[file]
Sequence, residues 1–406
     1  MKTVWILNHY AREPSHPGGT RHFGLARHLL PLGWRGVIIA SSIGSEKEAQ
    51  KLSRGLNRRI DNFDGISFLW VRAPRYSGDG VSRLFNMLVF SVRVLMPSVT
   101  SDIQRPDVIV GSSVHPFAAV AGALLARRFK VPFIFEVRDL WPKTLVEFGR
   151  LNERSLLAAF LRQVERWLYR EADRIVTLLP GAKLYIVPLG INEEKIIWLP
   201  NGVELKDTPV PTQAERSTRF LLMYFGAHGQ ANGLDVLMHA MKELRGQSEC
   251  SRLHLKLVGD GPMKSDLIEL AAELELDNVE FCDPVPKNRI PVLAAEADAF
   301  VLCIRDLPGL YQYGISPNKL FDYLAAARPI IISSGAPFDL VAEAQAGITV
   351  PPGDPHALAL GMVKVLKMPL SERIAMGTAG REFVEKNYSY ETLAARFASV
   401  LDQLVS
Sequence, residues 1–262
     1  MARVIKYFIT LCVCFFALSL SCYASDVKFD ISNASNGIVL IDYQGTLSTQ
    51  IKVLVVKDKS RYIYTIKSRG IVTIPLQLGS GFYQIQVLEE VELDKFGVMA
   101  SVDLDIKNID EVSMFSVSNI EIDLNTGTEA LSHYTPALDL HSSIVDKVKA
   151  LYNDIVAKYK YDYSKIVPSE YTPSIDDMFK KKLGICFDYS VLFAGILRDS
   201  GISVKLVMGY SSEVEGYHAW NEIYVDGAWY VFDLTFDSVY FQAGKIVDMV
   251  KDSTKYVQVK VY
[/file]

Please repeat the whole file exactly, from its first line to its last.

Sequence, residues 1–406
     1  MKTVWILNHY AREPSHPGGT RHFGLARHLL PLGWRGVIIA SSIGSEKEAQ
    51  KLSRGLNRRI DNFDGISFLW VRAPRYSGDG VSRLFNMLVF SVRVLMPSVT
   101  SDIQRPDVIV GSSVHPFAAV AGALLARRFK VPFIFEVRDL WPKTLVEFGR
   151  LNERSLLAAF LRQVERWLYR EADRIVTLLP GAKLYIVPLG INEEKIIWLP
   201  NGVELKDTPV PTQAERSTRF LLMYFGAHGQ ANGLDVLMHA MKELRGQSEC
   251  SRLHLKLVGD GPMKSDLIEL AAELELDNVE FCDPVPKNRI PVLAAEADAF
   301  VLCIRDLPGL YQYGISPNKL FDYLAAARPI IISSGAPFDL VAEAQAGITV
   351  PPGDPHALAL GMVKVLKMPL SERIAMGTAG REFVEKNYSY ETLAARFASV
   401  LDQLVS
Sequence, residues 1–262
     1  MARVIKYFIT LCVCFFALSL SCYASDVKFD ISNASNGIVL IDYQGTLSTQ
    51  IKVLVVKDKS RYIYTIKSRG IVTIPLQLGS GFYQIQVLEE VELDKFGVMA
   101  SVDLDIKNID EVSMFSVSNI EIDLNTGTEA LSHYTPALDL HSSIVDKVKA
   151  LYNDIVAKYK YDYSKIVPSE YTPSIDDMFK KKLGICFDYS VLFAGILRDS
   201  GISVKLVMGY SSEVEGYHAW NEIYVDGAWY VFDLTFDSVY FQAGKIVDMV
   251  KDSTKYVQVK VY